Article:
For example, my situation was too insane to join writing sprints, and that failure kept me from getting into writing grooves early in the month when I needed to let my subconscious take over and show me who these characters were. So a lesson I’m taking away is that when I feel like I don’t know enough about the characters or story, I need to make sure I use a method (like writing sprints) to force my subconscious to step up.

Another area I flailed was with conflict. I thought my hero and heroine would be more stubborn about getting together, but I kept catching them kissing when I wasn’t expecting it. *grin* So the conflict arc is coming together differently from I thought. I think it will still work, but this is a good reminder to make sure we have lots of conflict in our stories so other conflict elements can pick up the slack if one turns out weaker than we’d planned.

Step #2: Analyze the Story’s Big Picture for Pre-Editing

Some of us might be looking at the chaos of our draft and wondering if the story is salvageable. I’m of the opinion that every story can be saved, and it’s just a question of whether we’re willing to put in the work.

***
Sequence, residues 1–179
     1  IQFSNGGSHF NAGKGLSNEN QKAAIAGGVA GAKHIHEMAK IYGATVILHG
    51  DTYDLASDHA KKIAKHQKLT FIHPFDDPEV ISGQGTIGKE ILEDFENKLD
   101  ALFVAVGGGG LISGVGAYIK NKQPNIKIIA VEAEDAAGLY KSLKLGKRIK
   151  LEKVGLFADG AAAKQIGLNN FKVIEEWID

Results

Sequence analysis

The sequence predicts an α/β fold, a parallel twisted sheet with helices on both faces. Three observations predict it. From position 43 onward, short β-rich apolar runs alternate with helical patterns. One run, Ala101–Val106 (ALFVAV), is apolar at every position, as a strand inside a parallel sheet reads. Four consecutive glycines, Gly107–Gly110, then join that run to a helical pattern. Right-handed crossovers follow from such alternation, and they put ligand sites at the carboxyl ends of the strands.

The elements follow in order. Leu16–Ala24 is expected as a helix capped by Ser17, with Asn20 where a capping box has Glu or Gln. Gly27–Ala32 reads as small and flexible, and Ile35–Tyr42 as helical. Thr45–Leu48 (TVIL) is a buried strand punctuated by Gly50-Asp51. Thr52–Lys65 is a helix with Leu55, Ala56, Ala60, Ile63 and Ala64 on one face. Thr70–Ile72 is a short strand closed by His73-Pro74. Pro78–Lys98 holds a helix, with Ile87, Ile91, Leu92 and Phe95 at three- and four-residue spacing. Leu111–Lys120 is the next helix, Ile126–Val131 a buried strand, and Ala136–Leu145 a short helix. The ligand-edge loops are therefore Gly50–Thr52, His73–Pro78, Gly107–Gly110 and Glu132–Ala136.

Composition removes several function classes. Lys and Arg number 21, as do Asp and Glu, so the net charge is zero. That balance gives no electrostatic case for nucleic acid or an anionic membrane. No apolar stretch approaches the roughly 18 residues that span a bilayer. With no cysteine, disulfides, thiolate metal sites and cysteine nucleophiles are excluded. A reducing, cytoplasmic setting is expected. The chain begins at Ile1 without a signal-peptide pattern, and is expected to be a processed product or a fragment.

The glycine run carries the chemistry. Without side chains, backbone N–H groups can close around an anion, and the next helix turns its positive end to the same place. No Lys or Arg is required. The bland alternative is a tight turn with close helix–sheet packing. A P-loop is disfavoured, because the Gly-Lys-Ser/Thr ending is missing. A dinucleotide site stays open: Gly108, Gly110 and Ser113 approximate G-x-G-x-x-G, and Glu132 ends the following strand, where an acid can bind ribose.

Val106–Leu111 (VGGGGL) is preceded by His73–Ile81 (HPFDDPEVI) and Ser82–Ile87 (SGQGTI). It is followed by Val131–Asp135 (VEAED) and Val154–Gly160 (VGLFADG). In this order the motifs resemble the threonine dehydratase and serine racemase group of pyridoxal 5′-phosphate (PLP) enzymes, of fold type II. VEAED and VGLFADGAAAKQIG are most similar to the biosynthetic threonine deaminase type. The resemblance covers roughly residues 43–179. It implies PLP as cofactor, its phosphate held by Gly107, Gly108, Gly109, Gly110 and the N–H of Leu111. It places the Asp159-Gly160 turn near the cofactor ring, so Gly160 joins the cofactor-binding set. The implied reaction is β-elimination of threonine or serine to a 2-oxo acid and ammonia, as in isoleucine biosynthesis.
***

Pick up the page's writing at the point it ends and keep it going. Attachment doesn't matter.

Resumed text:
But before starting our revisions or edits, we might want to plan how to attack our story. There are three ways we can gather our thoughts about the big picture of our story and prepare for a revision project:

1) Take Notes of Our Initial Concerns

While the story is still fresh in our mind, we can take notes about any big-picture concerns:

  • Do we know of any plot holes?
  • Where do we suspect the characterization is lacking or “off”?
  • Does our story start in the right place?
  • Are all the scenes necessary?
  • Where do we fear the pacing is slow?

2) Use a Beat Sheet to Check Story Structure

We can fill out a beat sheet and check the story structure to make sure the overall story works:

  • Do we have a definitive plot event or turning point for each beat?
  • Does the story’s arc show change?
  • Are there any missing or misplaced beats?
  • Do the beats follow a cause-and-effect chain?
  • Are there any scenes not acting or reacting to a beat?
  • Do the stakes increase throughout story?

3) Check for a Character Arc